• Implementing health navigators, with additional consideration for those living in rural and remote areas and Aboriginal and Torres Strait Islander people. 

~ENDS 

RACGP spokespeople are available for interviews: 03 8699 0992 / media@racgp.org.au


About us:

The Royal Australian College of General Practitioners (RACGP) is the peak representative organisation for general practice, the backbone of Australia’s health system. We set the standards for general practice, facilitate lifelong learning for GPs, connect the general practice community, and advocate for better health and wellbeing for all Australians.

Visit www.racgp.org.au. To unsubscribe from RACGP media releases, click here.


Contact details:

John Ronan
Media Adviser

Ally Francis
Media Adviser

Stuart Winthrope
Media Officer

Contact: 03 8699 0992media@racgp.org.au

Follow us on Twitter: @RACGP and Facebook.

More from this category

  • Medical Health Aged Care, Science
  • 02/03/2024
  • 06:21
MindEar

Talk to your family on Sunday, World Hearing Day, about their hearing issues. Help is available.

Talk to your family on Sunday, World Hearing Day, about their hearing issues. Help is available. Sunday is World Hearing Day. Many people wait too long to act with hearing issues that could be improved. MindEar’s audiologists and tinnitus researchers are available for media interviews Saturday and Sunday morning to encourage people to do something about their hearing issues. Details below. Changing mindsets: Let’s make ear and hearing care a reality for all! World Hearing Day, held on 3 March each year, raises awareness on how to prevent deafness and hearing loss, and promotes ear and hearing care across the…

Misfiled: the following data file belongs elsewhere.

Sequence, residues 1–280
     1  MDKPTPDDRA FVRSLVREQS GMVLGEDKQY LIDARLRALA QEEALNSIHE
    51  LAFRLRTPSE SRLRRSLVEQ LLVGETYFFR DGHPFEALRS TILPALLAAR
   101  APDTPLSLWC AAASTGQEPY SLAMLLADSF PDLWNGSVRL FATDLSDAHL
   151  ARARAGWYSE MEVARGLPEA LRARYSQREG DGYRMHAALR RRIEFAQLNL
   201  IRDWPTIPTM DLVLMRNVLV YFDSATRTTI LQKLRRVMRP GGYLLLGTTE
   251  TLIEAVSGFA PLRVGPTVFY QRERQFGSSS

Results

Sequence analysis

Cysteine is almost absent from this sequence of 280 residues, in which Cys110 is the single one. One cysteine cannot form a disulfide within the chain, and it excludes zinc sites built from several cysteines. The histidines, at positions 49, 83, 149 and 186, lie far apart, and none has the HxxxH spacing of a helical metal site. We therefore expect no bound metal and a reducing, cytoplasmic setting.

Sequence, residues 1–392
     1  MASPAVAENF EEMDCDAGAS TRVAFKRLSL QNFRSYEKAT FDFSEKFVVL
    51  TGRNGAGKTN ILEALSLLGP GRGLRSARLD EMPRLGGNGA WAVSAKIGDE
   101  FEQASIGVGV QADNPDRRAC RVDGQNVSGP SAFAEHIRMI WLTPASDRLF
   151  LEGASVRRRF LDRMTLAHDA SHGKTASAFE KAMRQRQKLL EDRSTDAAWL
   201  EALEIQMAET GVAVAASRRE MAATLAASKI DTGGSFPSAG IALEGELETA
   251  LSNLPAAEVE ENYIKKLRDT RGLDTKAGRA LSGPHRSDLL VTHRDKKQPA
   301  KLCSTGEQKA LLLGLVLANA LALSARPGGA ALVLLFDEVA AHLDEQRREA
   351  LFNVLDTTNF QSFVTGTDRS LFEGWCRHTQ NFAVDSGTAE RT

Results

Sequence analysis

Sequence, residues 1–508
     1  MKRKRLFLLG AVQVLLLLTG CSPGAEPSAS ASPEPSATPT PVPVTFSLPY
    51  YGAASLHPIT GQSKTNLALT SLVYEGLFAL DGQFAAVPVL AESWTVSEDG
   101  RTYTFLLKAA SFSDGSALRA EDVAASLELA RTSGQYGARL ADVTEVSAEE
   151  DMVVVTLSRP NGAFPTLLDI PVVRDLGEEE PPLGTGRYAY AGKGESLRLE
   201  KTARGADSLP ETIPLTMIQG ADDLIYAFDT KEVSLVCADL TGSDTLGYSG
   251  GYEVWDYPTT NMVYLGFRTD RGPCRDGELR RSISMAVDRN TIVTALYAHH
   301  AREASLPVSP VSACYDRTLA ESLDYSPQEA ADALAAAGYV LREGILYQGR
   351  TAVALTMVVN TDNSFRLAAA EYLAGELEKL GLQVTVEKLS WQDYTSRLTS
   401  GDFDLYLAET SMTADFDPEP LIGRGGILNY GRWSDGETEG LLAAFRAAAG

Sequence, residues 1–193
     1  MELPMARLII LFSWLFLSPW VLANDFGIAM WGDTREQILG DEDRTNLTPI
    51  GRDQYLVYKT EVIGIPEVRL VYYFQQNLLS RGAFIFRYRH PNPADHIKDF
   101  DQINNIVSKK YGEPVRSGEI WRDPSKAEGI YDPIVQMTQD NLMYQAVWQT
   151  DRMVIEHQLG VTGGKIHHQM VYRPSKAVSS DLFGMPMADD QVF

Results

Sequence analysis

• Contains:
  • CharitiesAidWelfare, Medical Health Aged Care
  • 01/03/2024
  • 16:07
Leukaemia Foundation / World's Greatest Shave

Barry Du Bois loses his luscious locks for a cause that’s in his blood!

Barry Du Bois has today shaved off his locks in a nod to his own journey with the blood cancer myeloma, for the Leukaemia…

  • Contains:
  • Medical Health Aged Care
  • 01/03/2024
  • 14:00
Australian Nursing and Midwifery Federation (ANMF)

ANMF Statement: Vale Linda White

The country’s largest union, the Australian Nursing and Midwifery Federation (ANMF), has been deeply saddened by the tragic death of our dear friend and Comrade, Senator Linda White. As a former Assistant Secretary of the Australian Services Union (ASU) , Linda was long-recognised for her support of working women in this country. She fiercely advocated for the implementation of paid family and domestic leave, better retirement outcomes for women and helped secure strong affirmative action targets in the ALP. Linda fought and won equal pay for 200,000 community and social services workers, securing pay rises of up to 43% for…

Media Outreach made fast, easy, simple.

Feature your press release on Medianet's News Hub every time you distribute with Medianet. Pay per release or save with a subscription.